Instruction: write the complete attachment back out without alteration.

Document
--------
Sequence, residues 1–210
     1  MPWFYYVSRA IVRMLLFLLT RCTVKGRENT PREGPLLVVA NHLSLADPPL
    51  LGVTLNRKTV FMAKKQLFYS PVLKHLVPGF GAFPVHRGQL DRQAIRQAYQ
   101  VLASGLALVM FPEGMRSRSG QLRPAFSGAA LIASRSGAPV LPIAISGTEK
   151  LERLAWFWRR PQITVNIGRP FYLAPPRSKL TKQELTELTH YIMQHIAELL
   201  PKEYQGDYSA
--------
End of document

Sequence, residues 1–210
     1  MPWFYYVSRA IVRMLLFLLT RCTVKGRENT PREGPLLVVA NHLSLADPPL
    51  LGVTLNRKTV FMAKKQLFYS PVLKHLVPGF GAFPVHRGQL DRQAIRQAYQ
   101  VLASGLALVM FPEGMRSRSG QLRPAFSGAA LIASRSGAPV LPIAISGTEK
   151  LERLAWFWRR PQITVNIGRP FYLAPPRSKL TKQELTELTH YIMQHIAELL
   201  PKEYQGDYSA